I mentioned two survey questions last week, which asked about reasons for reading and reasons for writing poetry. At the time, I didn’t say who was carrying out the survey, as I wasn’t sure it was relevant. But what is a survey without results? And now the results have been published, and they raise further points for discussion.
So I’d better go ahead and say that the survey was sent out by Mslexia, which is published with the tagline “the magazine for women who write”.
They’ve been around for a number of years and are suported by high-profile writers (Jo Shapcott is judging their poetry competition, for example.) Every copy of the magazine that I have seen over the years has been well-produced and contained high-quality writing. But I still can’t bring myself to subscribe to a magazine for *women* who write.
Perhaps this is based on my belief that we shouldn’t need to know who the writer is to be able to judge the work they have produced. Why should the gender of a writer matter?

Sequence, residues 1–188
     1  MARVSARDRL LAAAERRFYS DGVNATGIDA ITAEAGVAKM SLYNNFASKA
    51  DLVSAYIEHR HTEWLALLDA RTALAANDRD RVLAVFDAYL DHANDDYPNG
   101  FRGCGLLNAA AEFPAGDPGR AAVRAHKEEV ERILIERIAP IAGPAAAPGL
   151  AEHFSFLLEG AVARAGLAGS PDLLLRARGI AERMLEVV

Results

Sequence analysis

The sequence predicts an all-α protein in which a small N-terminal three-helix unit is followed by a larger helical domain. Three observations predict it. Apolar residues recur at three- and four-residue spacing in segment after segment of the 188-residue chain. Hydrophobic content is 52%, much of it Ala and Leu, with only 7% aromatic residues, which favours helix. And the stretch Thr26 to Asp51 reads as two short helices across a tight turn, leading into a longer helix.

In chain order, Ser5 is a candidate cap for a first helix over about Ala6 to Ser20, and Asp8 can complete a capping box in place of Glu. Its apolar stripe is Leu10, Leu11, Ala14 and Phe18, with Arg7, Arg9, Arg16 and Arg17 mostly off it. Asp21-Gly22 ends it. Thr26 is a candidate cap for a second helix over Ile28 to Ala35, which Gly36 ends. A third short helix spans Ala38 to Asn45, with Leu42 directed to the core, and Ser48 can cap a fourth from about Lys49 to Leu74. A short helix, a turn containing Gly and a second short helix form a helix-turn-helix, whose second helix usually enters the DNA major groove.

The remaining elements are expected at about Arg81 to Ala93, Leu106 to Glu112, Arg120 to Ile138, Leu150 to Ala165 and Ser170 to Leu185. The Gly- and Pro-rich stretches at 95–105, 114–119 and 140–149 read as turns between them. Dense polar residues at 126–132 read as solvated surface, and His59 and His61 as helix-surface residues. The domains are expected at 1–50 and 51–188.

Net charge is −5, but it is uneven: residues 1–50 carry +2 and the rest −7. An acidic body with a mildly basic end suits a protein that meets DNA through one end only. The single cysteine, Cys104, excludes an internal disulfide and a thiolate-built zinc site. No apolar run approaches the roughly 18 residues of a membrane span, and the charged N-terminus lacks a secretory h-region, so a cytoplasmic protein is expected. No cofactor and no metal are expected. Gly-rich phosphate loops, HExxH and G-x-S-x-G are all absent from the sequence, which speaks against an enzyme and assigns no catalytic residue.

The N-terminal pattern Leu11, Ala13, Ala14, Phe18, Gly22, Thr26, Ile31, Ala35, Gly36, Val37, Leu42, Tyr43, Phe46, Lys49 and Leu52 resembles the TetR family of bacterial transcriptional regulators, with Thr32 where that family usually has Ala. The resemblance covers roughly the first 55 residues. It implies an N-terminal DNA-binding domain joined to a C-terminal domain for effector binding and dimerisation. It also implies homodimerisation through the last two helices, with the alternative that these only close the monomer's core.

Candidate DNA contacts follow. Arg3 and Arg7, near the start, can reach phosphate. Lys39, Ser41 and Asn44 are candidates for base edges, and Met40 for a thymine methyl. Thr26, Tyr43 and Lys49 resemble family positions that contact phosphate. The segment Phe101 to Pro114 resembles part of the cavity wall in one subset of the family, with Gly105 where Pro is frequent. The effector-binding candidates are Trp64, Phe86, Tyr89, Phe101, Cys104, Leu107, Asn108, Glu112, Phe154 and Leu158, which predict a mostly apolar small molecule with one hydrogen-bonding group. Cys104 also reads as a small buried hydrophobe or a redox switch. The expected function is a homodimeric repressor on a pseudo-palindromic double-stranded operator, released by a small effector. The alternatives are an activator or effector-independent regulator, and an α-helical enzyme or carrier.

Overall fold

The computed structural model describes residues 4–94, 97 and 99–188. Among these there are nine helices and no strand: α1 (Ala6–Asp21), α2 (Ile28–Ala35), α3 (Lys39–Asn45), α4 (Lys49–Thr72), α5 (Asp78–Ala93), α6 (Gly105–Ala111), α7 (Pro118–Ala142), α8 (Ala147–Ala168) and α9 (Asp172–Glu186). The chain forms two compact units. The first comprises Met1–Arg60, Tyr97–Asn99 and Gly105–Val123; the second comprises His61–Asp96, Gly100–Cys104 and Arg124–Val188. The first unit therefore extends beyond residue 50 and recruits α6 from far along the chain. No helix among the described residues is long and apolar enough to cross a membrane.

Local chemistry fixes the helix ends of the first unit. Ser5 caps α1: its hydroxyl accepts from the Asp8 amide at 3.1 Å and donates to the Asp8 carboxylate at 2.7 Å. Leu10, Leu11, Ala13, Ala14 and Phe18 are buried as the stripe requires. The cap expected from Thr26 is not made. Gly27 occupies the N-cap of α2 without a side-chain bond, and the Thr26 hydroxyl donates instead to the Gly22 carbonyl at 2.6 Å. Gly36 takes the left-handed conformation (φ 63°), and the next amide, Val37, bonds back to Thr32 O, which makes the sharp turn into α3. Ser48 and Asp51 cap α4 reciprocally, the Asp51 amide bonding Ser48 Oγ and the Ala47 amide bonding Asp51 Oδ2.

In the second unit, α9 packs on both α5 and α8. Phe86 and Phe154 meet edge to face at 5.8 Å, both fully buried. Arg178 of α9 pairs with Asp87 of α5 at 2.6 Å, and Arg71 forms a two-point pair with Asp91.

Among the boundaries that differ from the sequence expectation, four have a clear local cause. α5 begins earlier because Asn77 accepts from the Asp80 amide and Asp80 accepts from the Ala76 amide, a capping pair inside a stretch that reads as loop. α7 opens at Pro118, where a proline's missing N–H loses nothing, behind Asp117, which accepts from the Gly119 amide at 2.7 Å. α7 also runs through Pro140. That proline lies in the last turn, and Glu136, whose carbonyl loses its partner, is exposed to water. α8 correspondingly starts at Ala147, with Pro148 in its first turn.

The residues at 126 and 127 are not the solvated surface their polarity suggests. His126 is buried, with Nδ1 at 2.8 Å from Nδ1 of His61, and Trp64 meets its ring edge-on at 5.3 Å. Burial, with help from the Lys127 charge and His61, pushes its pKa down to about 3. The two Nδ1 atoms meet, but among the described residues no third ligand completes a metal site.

I know they say J K Rowling published using only her initials in an attempt not to discourage boys from reading her novels (I’m not sure whether this was her idea or that of the publisher.) And I read once that the editor of Playboy insisted that Ursula K Le Guin’s short story was printed under the name U K Le Guin. But as a reader, I don’t think I’ve ever cared much about the writer until I’ve been so impressed by what I’ve read that I want to find out more.
Of course, some people say they know immediately whether the writer is male or female: Naipaul recently caused a minor ruckus with his comments. That piece from the Guardian includes the paragrah:
[Naipaul] felt that women writers were “quite different”. He said: “I read a piece of writing and within a paragraph or two I know whether it is by a woman or not. I think [it is] unequal to me.”
Although I’d question what exactly he is comparing and finding unequal – I haven’t seen the full text, but surely it should be that the writing is “unequal to mine”? – I’m afraid I felt the whole story got far more exposure than was reasonable. I suspect he’d also say that male writers were unequal to him, so I’m not sure what the fuss was about.
One of the problems was, presumably, that he did the unthinkable and criticised Jane Austen, saying he “couldn’t possibly share her sentimental ambitions, her sentimental sense of the world”. I’d forgotten that when I made my criticisms of Pride and Prejudice the other day. But I don’t suppose anyone will be writing an article in the newspaper about my comments.